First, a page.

Scotland features some incredible and inspiring historical monuments, and I wanted to show you four of my favourite. I'm a massive history geek (even did a history degree), and I can quite happily plan trips solely based on looking at castles!
About 5 kilometres away from the main city of Edinburgh, Craigmillar Castle is a ruined 14th Century castle, built by the powerful Preston noble family to protect their wealth and family members. This castle is famous as it was the site of some royal intrigue involving Mary Queen of Scots as well as having incredibly well preserved defensive features on the walls and in the main keep. Although this castle is pretty remote, its a great chance to see stunning Scottish landscapes and a wild historical site.
Based in the North-East of Scotland, Balmoral Castle is one of the only Royal castles or residences actually owned privately by the Royal family, not the Crown. Only the castle gardens and then main Ball Room are open to the public, but spending time in and around the huge hunting estate attached to the castle is brilliant. Only 150 years old, Balmoral is quite young as far as castles go, and so is in a completely modern and safe state.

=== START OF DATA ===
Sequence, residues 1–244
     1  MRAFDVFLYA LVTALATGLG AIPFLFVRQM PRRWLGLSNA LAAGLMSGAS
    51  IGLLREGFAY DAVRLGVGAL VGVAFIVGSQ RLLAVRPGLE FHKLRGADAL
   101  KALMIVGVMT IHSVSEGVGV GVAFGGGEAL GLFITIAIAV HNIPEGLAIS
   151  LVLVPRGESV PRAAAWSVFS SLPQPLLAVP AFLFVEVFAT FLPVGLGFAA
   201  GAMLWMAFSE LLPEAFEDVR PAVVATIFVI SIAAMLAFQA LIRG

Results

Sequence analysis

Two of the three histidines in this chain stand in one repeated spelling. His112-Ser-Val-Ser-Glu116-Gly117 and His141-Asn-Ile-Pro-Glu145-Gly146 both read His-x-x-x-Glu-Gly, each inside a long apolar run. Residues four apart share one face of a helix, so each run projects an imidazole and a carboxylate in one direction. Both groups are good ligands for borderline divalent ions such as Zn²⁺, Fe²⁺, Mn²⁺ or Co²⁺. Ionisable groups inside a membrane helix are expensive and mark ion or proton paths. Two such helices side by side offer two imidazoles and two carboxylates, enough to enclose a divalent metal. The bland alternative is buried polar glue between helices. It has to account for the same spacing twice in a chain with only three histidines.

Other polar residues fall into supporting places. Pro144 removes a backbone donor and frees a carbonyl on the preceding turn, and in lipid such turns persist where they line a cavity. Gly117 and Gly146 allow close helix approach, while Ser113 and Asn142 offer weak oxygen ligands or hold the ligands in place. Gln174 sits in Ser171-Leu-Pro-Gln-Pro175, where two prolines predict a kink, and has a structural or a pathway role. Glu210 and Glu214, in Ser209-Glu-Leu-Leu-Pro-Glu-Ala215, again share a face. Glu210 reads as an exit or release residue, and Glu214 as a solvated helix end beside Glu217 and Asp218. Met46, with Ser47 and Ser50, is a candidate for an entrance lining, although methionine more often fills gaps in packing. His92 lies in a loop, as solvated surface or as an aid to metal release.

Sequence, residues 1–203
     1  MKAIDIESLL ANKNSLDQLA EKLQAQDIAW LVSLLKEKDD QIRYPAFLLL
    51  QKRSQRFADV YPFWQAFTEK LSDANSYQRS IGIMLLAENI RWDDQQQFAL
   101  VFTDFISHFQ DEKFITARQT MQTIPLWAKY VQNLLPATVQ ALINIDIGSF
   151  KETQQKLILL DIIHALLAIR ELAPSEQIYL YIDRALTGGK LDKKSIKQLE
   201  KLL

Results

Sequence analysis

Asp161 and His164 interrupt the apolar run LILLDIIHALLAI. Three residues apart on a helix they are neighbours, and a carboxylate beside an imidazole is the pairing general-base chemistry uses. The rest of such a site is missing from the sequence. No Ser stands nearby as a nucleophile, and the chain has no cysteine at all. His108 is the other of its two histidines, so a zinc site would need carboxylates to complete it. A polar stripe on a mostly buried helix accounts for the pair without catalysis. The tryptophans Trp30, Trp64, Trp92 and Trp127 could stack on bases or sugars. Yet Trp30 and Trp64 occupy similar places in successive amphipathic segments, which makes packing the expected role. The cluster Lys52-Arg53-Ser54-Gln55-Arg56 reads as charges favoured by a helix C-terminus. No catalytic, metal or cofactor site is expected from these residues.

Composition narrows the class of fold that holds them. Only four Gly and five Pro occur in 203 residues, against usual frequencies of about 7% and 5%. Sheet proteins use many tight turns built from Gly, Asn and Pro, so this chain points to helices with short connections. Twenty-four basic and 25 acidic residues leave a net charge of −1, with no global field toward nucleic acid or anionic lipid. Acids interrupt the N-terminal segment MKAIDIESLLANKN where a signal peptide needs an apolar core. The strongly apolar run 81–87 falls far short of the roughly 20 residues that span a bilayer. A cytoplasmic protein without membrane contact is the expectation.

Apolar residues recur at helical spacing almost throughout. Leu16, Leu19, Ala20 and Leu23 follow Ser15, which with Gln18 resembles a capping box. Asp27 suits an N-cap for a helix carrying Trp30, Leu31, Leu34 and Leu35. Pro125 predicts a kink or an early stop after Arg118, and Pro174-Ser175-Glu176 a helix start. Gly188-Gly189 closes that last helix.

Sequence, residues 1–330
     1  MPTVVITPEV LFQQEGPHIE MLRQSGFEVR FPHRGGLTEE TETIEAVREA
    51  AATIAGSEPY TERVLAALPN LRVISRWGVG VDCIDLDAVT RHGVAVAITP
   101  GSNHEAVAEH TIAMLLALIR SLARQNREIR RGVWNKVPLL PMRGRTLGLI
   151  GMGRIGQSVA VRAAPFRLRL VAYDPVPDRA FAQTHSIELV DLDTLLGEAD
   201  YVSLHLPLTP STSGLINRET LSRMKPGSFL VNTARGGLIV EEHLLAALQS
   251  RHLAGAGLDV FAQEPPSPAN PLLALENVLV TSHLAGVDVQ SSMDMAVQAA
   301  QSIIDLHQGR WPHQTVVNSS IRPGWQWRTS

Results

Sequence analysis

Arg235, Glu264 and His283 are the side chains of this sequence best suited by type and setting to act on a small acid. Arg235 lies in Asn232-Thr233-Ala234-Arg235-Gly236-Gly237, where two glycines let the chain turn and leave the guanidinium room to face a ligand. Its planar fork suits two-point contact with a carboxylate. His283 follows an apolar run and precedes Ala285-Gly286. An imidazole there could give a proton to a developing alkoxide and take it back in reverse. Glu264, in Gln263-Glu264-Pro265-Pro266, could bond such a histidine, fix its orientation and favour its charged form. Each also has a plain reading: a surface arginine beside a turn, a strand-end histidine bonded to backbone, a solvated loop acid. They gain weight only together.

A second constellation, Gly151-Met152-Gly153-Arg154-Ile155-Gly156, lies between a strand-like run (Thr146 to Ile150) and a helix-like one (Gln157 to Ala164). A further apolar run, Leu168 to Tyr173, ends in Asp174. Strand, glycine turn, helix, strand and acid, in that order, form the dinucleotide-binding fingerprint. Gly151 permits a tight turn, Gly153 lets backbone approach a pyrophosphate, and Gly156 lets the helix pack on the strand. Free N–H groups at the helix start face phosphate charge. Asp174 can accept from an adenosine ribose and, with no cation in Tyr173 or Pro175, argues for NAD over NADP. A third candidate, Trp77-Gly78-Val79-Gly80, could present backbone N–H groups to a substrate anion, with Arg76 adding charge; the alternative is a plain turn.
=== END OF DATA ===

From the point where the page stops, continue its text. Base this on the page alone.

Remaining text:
Glamis Castle is also located in the North-East of Scotland, and features nationally significant and recognised gardens. A former 11th Century hunting lodge, the castle has seen many centuries of additions and improvements, and has collected many different legends and fairy tales and this is the setting of the fictional King Macbeth in Shakespeare's Macbeth. Covering 57 square kilometres, this former hunting lodge has kept much of its remote and rural charm, with sprawling grounds to explore.
A castle has controlled the high ground in the capital city of Scotland since the 12th Century, and the current version of that castle is extraordinary. More than 1.5 million visitors come to see the castle every year, and they are rewarded with stunning views of this historical city. The National War Museum is housed in the castle, and 400 years of Scottish military history are revealed here. If you hear a cannon going off while you are there, don't worry, it's just the traditional one o'clock gun firing at that time every day apart from Sunday (to signal time for ships near to the castle).
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